by Nonkululeko Dube
I was invited to document a dinner gathering on August 1st 2019. It was hosted in Parktown North, Johannesburg, by David Lewis-Peart who lives in Toronto, Canada. He was invited to South Africa by Prof/Sir Zanele Muholi for Faces and Phases 13 exhibition, which took place at Stevenson Gallery in Parktown North on the 20th of July 2019. Few minutes after I arrived at David’s place, his guests also started to arrive. These were not just any guests; they were intellectual black queer men.
While waiting for everyone else who was still on their way they opened a bottle of wine. And very interesting conversations emerged, like when someone asked what everyone thought on the issue of being “post-gay” meaning is the public seeing being gay as being equally valid forms of human expression. Right there and then I knew for certain they are going to need more wine. In my own head I thought it is about damn time that the public stop worrying about people’s sexualities, when the whole world is faced with paedophilia and cumulative rape cases. But this was not my place to be engaging my thoughts to the conversation. After all David has a good reason for wanting only black queer men at this gathering; I just happened to be a photographer in the space.
I have never been in a space where black men are actually allowed to show their sensitivity to anything. Being a girl that was raised by her grandparents in a rural area, where young men are taught to be strong. We even have a saying in IsiZulu that says “Indoda ayikhali” (Men don’t cry), so this gathering was an eye opener for me in actual fact. Eventually everyone arrived and they were talking about how they came out as gay men in their communities. What I realised is that okay fine these people here in this space are coming from different backgrounds but they relate with each other’s stories. David’s friend brought food, it was too spicy and others complained but it smelled really nice and we could not wait to dig in already. We had to wait for Welcome Lishivha who had gone back to his house to fetch a projector and a speaker, since we were going to watch a film later that night.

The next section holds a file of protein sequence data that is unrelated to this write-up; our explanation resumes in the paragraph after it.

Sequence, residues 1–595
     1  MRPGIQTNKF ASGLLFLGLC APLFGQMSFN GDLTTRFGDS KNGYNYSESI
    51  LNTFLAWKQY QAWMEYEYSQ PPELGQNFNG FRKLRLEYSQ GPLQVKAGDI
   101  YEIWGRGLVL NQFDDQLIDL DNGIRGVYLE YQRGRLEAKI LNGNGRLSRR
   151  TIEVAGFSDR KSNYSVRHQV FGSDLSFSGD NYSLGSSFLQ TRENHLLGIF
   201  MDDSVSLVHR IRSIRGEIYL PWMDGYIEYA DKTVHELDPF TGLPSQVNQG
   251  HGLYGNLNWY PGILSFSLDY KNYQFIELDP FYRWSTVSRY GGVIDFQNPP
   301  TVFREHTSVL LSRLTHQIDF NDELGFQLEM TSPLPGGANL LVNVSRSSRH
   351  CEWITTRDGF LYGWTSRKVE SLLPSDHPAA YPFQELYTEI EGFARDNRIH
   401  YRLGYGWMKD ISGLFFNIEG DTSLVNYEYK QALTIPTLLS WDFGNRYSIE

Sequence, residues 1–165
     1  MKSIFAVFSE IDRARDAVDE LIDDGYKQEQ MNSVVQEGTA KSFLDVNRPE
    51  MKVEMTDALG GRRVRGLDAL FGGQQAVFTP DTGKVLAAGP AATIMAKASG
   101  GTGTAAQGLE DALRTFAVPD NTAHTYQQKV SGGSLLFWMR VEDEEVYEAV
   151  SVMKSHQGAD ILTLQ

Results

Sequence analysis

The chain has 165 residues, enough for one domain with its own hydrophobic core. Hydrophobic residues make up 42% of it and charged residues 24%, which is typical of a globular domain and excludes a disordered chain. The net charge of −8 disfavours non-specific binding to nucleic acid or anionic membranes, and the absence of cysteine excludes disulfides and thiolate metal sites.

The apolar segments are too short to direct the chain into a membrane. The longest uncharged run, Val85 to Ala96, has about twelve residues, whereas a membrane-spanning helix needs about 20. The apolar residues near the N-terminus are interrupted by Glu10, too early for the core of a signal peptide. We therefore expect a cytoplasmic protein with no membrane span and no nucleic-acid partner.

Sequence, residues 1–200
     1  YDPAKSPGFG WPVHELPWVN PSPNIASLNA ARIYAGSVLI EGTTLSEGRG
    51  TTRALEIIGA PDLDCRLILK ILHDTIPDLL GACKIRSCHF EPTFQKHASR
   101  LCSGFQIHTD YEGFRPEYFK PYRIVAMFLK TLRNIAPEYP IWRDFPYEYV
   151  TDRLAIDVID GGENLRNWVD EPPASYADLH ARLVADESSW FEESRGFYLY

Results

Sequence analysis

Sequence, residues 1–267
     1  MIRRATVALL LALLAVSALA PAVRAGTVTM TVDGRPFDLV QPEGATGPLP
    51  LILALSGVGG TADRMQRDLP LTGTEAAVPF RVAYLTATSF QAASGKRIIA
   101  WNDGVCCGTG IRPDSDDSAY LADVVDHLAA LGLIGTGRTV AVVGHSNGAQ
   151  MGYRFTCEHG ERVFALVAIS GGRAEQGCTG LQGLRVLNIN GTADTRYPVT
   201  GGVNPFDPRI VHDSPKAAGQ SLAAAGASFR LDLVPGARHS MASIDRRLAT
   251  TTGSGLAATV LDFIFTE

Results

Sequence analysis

I remember this one time they were talking about the gay community, one of the guests said they have chosen to distance themselves from the community in order to find their individual self. Because of so many stereotypes on black gay men and expectations on how gay black men should carry themselves. Especially with the common people on social media and television who “claim” to be representing gay black men. And all they doing is just putting standards that other gay black men do not relate with. And they say the gay community always pretends like all gay men are one, whereas they cannot even relate to a gay white man and when they are together with them, they never fit in nor feel part of the community. But also acknowledging the privilege that they have as professionals compared to being a broke gay person in South Africa.
Welcome finally came back and we all started dishing up and eating. They were officially running out of wine but at least at this point there was still one sealed bottle. After eating I asked everyone to move from the dinning area to a sitting room, where I took a group portrait. Then David told us that he has been working on this documentary in Canada. The one we were about to watch the screening of. Its about Gay men in Canada opening up about their sexual life and intimacy. The film was amazing, everyone in the room loved it and David announced that he would actually like to make the same documentary with every gay man that was at the dinner gathering. People were really excited and they wanted myself and David to start the documentary that very same night, unfortunately he told them that it was very late and I had to go to school the next morning. But I really enjoyed every moment with those guys. It felt like we had known each other for years, when I had just met most of them that very same night.
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